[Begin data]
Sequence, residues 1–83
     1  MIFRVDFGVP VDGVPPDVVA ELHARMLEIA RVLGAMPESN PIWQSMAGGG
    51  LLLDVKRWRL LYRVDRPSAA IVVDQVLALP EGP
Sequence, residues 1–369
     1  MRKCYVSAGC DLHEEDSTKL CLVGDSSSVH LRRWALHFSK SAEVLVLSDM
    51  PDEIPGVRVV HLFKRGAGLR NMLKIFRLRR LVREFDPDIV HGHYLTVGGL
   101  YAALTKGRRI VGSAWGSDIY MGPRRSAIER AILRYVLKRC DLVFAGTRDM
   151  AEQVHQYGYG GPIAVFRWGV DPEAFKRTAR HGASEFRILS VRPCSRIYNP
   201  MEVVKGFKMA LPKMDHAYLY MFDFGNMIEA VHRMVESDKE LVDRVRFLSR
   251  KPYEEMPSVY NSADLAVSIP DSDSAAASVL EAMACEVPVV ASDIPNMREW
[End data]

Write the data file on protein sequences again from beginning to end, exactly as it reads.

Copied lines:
Sequence, residues 1–83
     1  MIFRVDFGVP VDGVPPDVVA ELHARMLEIA RVLGAMPESN PIWQSMAGGG
    51  LLLDVKRWRL LYRVDRPSAA IVVDQVLALP EGP
Sequence, residues 1–369
     1  MRKCYVSAGC DLHEEDSTKL CLVGDSSSVH LRRWALHFSK SAEVLVLSDM
    51  PDEIPGVRVV HLFKRGAGLR NMLKIFRLRR LVREFDPDIV HGHYLTVGGL
   101  YAALTKGRRI VGSAWGSDIY MGPRRSAIER AILRYVLKRC DLVFAGTRDM
   151  AEQVHQYGYG GPIAVFRWGV DPEAFKRTAR HGASEFRILS VRPCSRIYNP
   201  MEVVKGFKMA LPKMDHAYLY MFDFGNMIEA VHRMVESDKE LVDRVRFLSR
   251  KPYEEMPSVY NSADLAVSIP DSDSAAASVL EAMACEVPVV ASDIPNMREW